Creates a new, blank image.
You can create an image as a flat, atomic image, or you can create a master image, ready to have layers attached to it. You can also create an image as a brush, either square or round.
The W setting is the width of the new image in pixels.
The H setting is the height of the new image in pixels.
The Action buttons set the width and/or height from the action image, if an image is loaded.
The Origin buttons set the width and/or height from the origin image, if one has been assigned.
The Double buttons double the width and height values.
In the Image DPI controls, X DPI sets the horizontal dots-per-inch of the image, and Y DPI sets the vertical dots-per-inch of the image.
Under Image Colors and Alpha, Set Fill sets the color of the image and Set Grid sets the color of the image grid lines, if ✓ Grid is checked.
The buttons W, B, R, G, B, C, M and Y rare "quick color set" buttons. Respectively, they set the new image fill color white, black, red, green, blue, cyan (aqua), magenta (purple) and yellow.
If selected, ✓ Grid causes a configurable grid to be generated. Under Grid Fill, Minor Intervals, X px sets the number of pixels per horizontal grid line, and Y px sets the number of pixels between vertical grid lines, and under Major Intervals, X mi sets the number of minor grid lines between Major horizontal divisions, while Y mi sets the number of minor gridlines between Major vertical divisions. ✓ Rings, when checked, generates rings or ellipses on the graph at spacings controlled by the Major grid intervals.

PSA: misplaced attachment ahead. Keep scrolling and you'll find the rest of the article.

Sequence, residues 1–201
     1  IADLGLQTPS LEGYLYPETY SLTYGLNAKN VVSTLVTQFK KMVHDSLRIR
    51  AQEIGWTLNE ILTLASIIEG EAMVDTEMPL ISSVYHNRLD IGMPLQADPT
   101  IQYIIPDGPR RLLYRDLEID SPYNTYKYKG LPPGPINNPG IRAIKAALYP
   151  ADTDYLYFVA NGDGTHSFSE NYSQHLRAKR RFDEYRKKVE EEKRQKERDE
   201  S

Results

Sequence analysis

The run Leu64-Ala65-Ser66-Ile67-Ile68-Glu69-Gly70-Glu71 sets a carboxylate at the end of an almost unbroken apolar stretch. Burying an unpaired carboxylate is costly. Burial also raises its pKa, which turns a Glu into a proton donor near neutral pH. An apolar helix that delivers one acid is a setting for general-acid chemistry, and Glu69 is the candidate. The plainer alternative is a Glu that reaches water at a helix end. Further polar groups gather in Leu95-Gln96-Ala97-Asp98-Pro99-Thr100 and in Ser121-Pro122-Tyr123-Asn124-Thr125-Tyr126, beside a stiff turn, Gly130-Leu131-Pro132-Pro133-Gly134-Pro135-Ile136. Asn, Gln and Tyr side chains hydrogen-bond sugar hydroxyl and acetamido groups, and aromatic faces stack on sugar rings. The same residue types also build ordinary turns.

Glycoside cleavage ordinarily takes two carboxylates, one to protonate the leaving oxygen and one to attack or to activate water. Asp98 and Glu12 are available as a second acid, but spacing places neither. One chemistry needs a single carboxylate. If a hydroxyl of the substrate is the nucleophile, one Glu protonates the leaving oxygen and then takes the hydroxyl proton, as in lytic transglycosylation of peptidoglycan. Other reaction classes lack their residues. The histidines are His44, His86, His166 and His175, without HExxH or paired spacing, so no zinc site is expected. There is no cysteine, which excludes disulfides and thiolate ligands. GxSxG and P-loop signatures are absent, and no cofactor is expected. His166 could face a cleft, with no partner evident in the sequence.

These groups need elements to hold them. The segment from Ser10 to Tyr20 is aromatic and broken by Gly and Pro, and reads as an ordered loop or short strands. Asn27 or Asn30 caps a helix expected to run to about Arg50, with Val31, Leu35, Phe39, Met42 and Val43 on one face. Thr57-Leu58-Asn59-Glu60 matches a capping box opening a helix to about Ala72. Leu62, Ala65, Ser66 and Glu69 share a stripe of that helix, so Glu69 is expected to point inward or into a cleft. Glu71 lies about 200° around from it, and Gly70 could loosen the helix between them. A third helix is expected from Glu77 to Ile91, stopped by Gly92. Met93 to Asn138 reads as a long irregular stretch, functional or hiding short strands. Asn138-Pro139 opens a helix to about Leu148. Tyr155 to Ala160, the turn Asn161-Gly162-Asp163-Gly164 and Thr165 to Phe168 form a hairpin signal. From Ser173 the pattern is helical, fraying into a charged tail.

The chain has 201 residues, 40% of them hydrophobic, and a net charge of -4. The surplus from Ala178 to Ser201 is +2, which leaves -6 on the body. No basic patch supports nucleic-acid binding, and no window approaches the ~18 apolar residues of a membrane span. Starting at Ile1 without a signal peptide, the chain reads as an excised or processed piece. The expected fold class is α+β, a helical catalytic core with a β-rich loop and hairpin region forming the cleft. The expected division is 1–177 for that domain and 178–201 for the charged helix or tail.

For non-brush images, you can select ✓ 0-Alpha and the image will be created with the chosen color and grid, if desired, but with full transparency.
You can, of course, create any brush you like by loading or creating a new image and then doing... things... with its pixels, then just assigning it as the Brush.
The new image dialog blocks; that is, you have to close it before you can do anything with the rest of the application.
When you create a new image, consider the role you're going to use it in.
For instance, if it is destined to be a layer in add mode, then you would probably want the image to be black, because adding black results in no change. So, for instance, you could place a bright spot in the image and only that would show up as added to the layered image.
You can change the color later easily using the color fill operator, so this isn't critical by any means, but it can save a little time and effort.
|Please consider supporting my iToolBox development efforts with a small PayPal donation.|